If you die without a Last Will, something will happen to your assets, rest assured. It may not be what you would like to happen, but it is what you are going to get – that is, it is what others will get of those assets. The State of Florida has written a default Last Will for those who die without one. Florida describes the terms of its default Will in its statutes, specifically in Part I of Chapter 732. The title of that Part is “Intestate Succession.” We sometimes refer to Part I of Chapter 732 as Florida’s laws of intestacy.
Intestate is a word in most English dictionaries. Like many English words it derives from Latin. In this case, English puts two Latin words put together: in which means “no” or “not,” and testate, meaning “having made a Will.” Dying intestate, then, is dying without or not with one’s own Last Will. Dying testate means dying with one’s own Last Will.
Take the client I mentioned in an earlier post, the client who died survived by his second wife. He was also survived by two children by his first marriage and one child by his second. He walked into my office without a last Will, but walked out with a new Last Will that left everything to his wife, the second wife. But what would have happened had he had no Last Will and died intestate? Florida’s Last Will would have provided as follows:
- Because not all his children were by his second wife, then his second wife gets half of the estate.
- His three children divide up the remaining half in equal shares. His two children by the first marriage each receives one third of one-half (or one-sixth of the whole). The child of his second marriage gets one-sixth of the whole as well. (Sadly, my client had been estranged from the children of the first marriage since his divorce decades before.)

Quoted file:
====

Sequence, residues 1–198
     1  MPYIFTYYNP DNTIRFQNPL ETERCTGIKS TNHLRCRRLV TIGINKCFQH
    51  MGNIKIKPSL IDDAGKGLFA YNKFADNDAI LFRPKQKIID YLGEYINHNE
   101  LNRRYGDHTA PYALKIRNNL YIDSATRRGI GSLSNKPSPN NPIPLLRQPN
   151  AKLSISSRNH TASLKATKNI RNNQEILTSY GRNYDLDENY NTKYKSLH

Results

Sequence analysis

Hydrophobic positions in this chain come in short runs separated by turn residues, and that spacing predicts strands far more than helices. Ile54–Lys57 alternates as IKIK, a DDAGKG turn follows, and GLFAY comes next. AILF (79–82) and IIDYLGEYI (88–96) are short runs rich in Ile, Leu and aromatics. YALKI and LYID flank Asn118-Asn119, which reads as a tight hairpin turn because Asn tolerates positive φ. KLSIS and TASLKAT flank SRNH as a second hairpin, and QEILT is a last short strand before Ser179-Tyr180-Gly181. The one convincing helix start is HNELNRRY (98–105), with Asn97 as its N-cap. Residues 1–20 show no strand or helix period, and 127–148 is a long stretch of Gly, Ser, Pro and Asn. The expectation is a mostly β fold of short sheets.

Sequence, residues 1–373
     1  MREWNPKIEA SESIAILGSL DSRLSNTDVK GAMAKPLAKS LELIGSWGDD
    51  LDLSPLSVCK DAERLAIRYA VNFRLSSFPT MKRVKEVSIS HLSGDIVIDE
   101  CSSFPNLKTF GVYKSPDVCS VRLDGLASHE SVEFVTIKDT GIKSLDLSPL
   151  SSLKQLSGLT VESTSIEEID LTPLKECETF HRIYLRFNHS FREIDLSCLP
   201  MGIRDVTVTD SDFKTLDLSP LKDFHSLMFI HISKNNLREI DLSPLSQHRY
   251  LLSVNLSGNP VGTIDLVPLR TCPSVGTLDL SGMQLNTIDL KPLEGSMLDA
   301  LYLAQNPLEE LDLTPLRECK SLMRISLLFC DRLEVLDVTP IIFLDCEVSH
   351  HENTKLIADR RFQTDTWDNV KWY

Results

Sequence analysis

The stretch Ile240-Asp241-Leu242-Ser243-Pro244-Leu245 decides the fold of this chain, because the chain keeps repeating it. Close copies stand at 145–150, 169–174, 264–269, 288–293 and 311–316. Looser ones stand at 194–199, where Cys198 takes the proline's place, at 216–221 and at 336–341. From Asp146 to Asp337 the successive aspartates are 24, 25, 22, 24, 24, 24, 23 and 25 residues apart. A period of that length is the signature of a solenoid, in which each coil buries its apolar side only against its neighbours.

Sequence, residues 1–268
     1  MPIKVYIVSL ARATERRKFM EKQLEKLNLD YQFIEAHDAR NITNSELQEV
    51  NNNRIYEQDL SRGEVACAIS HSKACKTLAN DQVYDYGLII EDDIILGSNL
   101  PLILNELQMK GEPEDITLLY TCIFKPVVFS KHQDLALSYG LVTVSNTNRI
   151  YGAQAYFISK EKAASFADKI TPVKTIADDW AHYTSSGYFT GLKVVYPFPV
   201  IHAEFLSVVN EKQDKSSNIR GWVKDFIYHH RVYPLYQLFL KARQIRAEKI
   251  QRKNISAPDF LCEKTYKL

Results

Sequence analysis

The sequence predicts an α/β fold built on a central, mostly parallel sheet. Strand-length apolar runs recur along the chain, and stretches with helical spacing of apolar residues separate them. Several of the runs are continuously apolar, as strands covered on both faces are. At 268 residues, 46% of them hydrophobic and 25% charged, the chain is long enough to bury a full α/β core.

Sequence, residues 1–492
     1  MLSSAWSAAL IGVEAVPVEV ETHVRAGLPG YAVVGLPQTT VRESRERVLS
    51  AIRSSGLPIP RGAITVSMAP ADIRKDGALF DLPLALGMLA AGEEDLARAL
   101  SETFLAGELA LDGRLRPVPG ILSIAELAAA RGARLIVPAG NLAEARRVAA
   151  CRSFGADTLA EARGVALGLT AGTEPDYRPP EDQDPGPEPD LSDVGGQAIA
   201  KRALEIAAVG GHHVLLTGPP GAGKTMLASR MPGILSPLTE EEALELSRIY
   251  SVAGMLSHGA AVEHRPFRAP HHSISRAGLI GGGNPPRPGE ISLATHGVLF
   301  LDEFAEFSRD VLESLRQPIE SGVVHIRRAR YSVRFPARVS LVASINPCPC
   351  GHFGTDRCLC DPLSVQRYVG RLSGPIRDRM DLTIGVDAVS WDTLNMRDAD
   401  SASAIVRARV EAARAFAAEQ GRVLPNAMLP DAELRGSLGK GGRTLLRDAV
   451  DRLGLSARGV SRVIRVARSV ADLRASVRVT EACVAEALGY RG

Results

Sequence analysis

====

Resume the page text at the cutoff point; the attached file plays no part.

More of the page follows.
Keep in mind, however, that one’s Last Will controls at one’s death only a particular kind or category of assets. Those kinds of assets are called “probate assets.” What are probate assets but assets that one’s Last Will (or Florida’s Last Will) controls at one’s death. That’s a nice tautology but hardly a helpful definition, but that’s what we will call such assets in this blog: assets that are controlled by one’s Last Will (or by the laws of intestacy in the absence of one’s own Last Will), are “probate assets.” But to be a little more specific, probate assets are assets that one owns in his or her own name alone at his or her death and that have no inherent or necessary characteristic imposed by law or contract that makes them non-probate assets.
There are quite a few kinds of assets that are owned by someone all by himself, but have such an “inherent or necessary characteristic imposed by law or contract.” Life insurance on the owner’s life is an example of such an asset. It is a contract with the life insurance company for the benefit of a third party, the beneficiary. It is not a probate asset. It is a non-probate asset, unless the named beneficiary is the owner’s estate, a designation usually to be avoided. We will address further the matter of identifying probate assets and non-probate assets in future posts.
In the case of our client, it turned out that he had very few probate assets. He had employee benefits that named his second wife (except for one of them) as the beneficiary. He owned his home with his second wife (in an ownership form that is known as a “tenancy by the entirety – more on that later) so that she received complete ownership at his death “automatically.” (I put “automatically” in quotes, because nothing concerning who gets an asset when death occurs is “automatic.”) Lastly, he and his wife owned a bank account as “joint tenants with right of survivorship,” another “automatic” situation. So, had he died without his own Last Will, Florida’s laws of intestacy would have controlled virtually nothing.
Let me end this with one question. What if his second wife had died first and, following that, he died without his own Last Will? We will also address that later. I can say now, however, that my client would have not liked the result at all.